The South East Europe Media Organisation (SEEMO) expressed concern regarding the recent deterioration of the media atmosphere in Turkey. The country already faces many issues regarding media freedom and freedom of expression, but has witnessed a significant increase in devaluing of human and journalists’ rights.
On 26 November, two media workers from the daily Cumhuriyet were arrested for reporting on trucks containing weapons that were allegedly being sent to Syrian rebel forces in connection with Turkey’s National Intelligence Agency. Editor-in-chief Can Dundar and Ankara Bureau Chief Erdem Gul now face charges including potential life imprisonment. They were accused of publishing confidential information, political and military espionage, as well as being the propaganda vessel of a terrorist organization.
Following this, another tragic event occurred on 28 November, when Tahir Elci, a Turkish human rights lawyer and defender was assassinated with a single bullet to the head in Diyarbakir, south-eastern Turkey. The horrifying event took place right after a press conference Elci held that day. The circumstances surrounding his death remain unclear.
On 2 December, a Danish journalist claimed in a series of tweets that he was severely assaulted by a group of Turkishsoldiers while crossing the Turkish border into Syria. Nagieb Khaja, a freelance journalist covering conflict in the region, posted a photo of himself with severe facial bruises. Khaja stated that he identified himself as a journalist and showed his press card to authorities at the border, but they beat him regardless.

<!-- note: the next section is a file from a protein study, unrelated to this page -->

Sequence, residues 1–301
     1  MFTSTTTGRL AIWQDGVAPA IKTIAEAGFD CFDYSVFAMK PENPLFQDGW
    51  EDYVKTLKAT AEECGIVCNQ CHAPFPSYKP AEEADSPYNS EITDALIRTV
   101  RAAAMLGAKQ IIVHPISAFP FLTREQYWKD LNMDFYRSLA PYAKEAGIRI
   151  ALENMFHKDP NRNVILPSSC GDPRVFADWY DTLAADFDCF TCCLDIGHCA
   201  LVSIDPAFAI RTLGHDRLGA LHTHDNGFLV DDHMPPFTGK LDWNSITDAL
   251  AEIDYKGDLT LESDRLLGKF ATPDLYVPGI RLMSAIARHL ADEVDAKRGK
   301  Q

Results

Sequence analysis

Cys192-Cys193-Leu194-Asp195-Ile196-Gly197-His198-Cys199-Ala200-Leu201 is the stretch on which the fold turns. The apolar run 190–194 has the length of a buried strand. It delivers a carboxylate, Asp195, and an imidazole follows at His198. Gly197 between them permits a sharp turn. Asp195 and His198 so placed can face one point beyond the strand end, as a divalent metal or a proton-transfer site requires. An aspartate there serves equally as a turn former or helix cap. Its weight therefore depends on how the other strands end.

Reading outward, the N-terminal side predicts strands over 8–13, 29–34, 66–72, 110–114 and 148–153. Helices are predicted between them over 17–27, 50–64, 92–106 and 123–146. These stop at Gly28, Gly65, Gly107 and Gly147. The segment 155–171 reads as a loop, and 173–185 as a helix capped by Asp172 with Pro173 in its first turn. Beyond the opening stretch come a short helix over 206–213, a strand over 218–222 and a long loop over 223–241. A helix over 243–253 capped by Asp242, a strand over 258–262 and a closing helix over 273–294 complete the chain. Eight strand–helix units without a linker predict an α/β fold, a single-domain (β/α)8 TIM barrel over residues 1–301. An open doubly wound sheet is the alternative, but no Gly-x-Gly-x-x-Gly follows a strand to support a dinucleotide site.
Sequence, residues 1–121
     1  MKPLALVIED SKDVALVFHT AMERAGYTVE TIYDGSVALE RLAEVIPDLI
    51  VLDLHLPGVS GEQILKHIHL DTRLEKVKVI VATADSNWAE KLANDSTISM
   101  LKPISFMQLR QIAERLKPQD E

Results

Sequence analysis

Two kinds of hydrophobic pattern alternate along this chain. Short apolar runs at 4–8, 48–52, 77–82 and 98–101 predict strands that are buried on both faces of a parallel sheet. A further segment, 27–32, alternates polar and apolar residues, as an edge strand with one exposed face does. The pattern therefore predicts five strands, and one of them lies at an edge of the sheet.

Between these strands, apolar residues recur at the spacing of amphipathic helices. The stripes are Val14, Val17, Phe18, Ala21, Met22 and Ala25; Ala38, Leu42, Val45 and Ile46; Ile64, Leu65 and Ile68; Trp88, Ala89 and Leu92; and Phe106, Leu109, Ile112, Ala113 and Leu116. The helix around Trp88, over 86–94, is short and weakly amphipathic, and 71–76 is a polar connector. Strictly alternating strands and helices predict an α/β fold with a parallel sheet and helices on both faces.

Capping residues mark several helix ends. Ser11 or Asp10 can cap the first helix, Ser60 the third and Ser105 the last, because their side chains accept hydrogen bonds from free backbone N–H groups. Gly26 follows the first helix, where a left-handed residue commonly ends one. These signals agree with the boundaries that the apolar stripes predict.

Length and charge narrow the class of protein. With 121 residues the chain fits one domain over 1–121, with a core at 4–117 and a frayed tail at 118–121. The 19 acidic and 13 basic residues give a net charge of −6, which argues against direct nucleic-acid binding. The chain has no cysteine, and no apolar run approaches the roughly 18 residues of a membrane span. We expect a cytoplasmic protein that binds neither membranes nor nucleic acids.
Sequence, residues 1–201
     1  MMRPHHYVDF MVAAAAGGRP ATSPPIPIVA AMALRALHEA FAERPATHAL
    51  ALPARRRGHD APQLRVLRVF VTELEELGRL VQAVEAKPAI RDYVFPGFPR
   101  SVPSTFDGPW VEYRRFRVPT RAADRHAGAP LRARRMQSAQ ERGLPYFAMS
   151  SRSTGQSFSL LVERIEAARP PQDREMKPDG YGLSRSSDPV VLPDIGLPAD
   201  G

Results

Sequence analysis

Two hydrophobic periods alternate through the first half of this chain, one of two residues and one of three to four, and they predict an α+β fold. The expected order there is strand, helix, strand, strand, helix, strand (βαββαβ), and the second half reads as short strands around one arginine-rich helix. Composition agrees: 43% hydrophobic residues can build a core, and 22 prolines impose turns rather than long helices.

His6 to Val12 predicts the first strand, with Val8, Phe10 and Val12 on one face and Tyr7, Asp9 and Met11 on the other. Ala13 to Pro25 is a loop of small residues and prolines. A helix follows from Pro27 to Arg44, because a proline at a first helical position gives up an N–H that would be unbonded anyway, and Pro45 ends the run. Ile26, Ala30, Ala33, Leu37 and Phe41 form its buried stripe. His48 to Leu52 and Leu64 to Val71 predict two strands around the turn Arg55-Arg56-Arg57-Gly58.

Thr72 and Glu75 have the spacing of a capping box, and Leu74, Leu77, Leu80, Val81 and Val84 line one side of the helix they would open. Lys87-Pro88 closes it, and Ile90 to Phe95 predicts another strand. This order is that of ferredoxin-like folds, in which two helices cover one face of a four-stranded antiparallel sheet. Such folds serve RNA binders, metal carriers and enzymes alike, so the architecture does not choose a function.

“We appeal to authorities in Turkey to drop charges against Can Dundar and Erdem Gul from Cumhuriyet, do all they can to find the perpetrators of the gruesome murder of Tahir Elci and to investigate the case of Nagieb Khaja and punish those responsible for his senseless beating”, SEEMO Secretary General Oliver Vujovic said.
SEEMO is a network of editors, media executives and leading journalists in South East and Central Europe. SEEMO’s press freedom work is supported by the European Centre for Press and Media Freedom (ECPMF) project, as part of a grant by the European Commission.